Breaking Dawn Sucks (Blood)

By Kim Giordano

The fourth installment of Stephenie Meyer’s blood-sucking teen romance novels turned films, “The Twilight Saga: Breaking Dawn – Part 1” follows every “Twihard” fan’s favorite couple, vampire Edward and mortal Bella as they prepare for their wedding and the drama that will soon follow after.

The movie opens very appropriately for the target audience: Jacob (Taylor Lautner) wordlessly and effortlessly rips his shirt off, sparking an outbreak of cheers and applause from the audience. The rest of the film follows suit, and it quickly becomes clear that director Bill Condon (“Kinsey,” “Dreamgirls”) made this film primarily for the fans of the series – and not for the general public to enjoy, or even really understand.

Having just graduated high school, 18-year-old Bella (Kristen Stewart) is able to have her fairytale wedding. Condon does a wonderful job with the sequence, stretching out one of the most anticipated events of the series to adequately satisfy fans, musically referring back to the first movie, and momentarily deflecting the fact that the couple getting married is so young. At one point during the ceremony, one of her former peers mentions the notion of Bella being knocked up and says, sarcastically, what no one else will – that it is “totally normal to get married at 18.”

This highlights one of the more infuriating aspects of the movie – and, by association, the book: the reluctance to question such a young marriage. Instead, the couple is met with general approval from family and friends, with the exception of the lupine Jacob, whose reasons for objecting to the wedding are mostly selfish.

The film keeps up a strangely lighthearted tone through the honeymoon, which is comprised of one big montage. The morning after sequence consists of a broken headboard, pillows torn with feathers strewn about and bruises lining Bella’s entire body – all the while, though, she seems to be smiling. The effect, meant to be comedic, is rather unnerving.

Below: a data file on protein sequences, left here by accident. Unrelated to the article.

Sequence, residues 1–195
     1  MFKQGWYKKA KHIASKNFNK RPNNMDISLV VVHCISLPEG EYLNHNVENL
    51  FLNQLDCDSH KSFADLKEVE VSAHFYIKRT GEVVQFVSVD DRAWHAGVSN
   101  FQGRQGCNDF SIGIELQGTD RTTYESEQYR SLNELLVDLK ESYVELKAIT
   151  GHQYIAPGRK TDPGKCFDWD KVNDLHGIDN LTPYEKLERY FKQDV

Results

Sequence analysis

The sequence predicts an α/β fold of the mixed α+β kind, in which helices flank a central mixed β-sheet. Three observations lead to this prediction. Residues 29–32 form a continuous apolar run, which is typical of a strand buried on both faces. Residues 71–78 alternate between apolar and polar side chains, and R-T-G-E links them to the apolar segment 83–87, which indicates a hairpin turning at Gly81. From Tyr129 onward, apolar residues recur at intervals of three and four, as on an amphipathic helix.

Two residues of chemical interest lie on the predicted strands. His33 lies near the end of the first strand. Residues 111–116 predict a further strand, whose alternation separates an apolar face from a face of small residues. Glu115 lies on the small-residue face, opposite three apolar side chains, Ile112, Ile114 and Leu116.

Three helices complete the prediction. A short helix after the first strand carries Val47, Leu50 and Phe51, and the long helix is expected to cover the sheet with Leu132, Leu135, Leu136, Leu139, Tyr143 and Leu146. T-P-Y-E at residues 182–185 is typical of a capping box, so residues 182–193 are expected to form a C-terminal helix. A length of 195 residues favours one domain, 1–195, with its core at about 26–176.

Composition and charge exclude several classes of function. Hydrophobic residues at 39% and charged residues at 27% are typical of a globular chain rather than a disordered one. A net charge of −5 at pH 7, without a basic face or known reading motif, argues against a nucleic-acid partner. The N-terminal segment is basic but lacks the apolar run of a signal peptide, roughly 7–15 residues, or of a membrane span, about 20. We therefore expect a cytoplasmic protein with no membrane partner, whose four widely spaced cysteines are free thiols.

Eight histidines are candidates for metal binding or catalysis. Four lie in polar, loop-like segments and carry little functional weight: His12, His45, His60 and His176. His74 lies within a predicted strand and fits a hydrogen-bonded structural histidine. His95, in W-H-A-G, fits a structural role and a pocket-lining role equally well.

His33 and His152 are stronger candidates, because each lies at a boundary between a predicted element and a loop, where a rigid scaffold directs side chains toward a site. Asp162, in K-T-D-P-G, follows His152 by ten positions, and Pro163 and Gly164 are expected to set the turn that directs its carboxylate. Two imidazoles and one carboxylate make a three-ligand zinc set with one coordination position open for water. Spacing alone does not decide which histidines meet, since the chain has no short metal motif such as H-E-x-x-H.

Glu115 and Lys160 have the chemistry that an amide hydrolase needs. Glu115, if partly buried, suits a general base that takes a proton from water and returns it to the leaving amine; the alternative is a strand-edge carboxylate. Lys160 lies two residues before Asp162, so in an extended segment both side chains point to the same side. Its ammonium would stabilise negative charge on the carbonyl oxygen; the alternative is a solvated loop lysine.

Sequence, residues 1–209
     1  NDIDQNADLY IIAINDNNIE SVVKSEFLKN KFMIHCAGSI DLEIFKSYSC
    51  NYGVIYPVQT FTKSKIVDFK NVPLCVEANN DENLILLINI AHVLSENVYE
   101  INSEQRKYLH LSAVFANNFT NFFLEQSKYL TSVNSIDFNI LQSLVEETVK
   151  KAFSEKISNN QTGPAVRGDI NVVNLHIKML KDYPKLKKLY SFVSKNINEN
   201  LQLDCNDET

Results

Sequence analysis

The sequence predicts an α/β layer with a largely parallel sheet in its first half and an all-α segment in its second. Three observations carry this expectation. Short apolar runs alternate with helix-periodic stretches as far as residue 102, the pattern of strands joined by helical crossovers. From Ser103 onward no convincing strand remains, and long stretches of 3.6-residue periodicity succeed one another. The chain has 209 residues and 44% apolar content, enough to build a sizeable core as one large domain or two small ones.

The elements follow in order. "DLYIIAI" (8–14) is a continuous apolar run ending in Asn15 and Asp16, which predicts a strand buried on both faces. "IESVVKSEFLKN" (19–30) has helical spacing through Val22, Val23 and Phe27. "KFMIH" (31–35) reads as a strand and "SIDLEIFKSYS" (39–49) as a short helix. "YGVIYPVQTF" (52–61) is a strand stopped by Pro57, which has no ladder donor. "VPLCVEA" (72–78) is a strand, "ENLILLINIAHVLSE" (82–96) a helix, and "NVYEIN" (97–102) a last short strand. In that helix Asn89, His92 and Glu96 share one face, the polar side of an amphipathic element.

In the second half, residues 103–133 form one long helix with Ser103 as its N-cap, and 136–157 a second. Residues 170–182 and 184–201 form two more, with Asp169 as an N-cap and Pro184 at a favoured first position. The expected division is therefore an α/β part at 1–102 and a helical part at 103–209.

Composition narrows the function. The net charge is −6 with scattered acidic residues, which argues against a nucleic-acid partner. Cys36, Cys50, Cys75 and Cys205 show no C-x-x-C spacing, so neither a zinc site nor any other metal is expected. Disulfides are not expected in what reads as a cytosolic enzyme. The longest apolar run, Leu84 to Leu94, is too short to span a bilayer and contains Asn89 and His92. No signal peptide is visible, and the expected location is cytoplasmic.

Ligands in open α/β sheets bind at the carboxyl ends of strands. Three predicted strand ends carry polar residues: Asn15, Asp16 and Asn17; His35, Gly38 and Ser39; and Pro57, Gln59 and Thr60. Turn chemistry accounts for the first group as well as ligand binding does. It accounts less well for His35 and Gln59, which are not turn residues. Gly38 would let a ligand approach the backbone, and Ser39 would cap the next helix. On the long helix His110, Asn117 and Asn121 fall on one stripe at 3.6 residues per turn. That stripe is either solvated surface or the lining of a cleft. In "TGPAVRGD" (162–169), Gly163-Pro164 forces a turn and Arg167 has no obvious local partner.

The self-destructive behavior continues when Bella learns she is pregnant with a vampire baby. Ignoring Edward’s desperate pleas to abort, Bella soldiers on. What results is a disturbing depiction by Condon of a dying and decrepit Bella. Just as the characters are confused by how a vampire can impregnate a human, so is the audience. The question is never answered, and the interspecies offspring gestates healthily.

The only seemingly rational individual throughout this entire ordeal is Jacob. Lautner, who may give the best performance in the film, is seen more with the vampires than his wolf pack, depriving this film of the pulse-pounding action seen in previous installments. Some action is included, but it is quite unexciting and almost laughable. The never-before-heard speaking voices of the CGI wolves probably should have remained unheard, as they all ended up sounding eerily similar to Darth Vader.

Though cast performances have generally improved from the previous films, Stewart remains painfully awkward as Bella. Robert Pattinson, as Edward, has set his character in stone, not expected to deliver as much in this part as in the others. As always, performances by the supporting cast threaten to surpass those of the two leads. Specifically, siblings Emmet (Kellan Lutz) and Alice (Ashley Greene) as well as Bella’s father, Charlie (Billy Burke) provide sturdy character work. Their fleeting moments on screen were highly enjoyable.

What has remained unchanged, unfortunately, is the screenwriting. Melissa Rosenberg’s screenplay is just as terribly ham-fisted and with as many inexplicable pauses as the first three movies, often causing the audience to erupt into fits of laughter. Unfortunately, she doesn’t give the actors much to work with.

Not delving into the debate of Bella as a role model for young girls, the director does faithfully translate the reality of her dreams coming true. Fans will undoubtedly appreciate that the film’s focus is on the romantic “true love” message that drew most of them to the books and movies in the first place. The intimate little moments between the couple will be more than enough to string fans along until “Breaking Dawn – Part 2” is released next fall.

Kim Giordano can be reached at [email protected]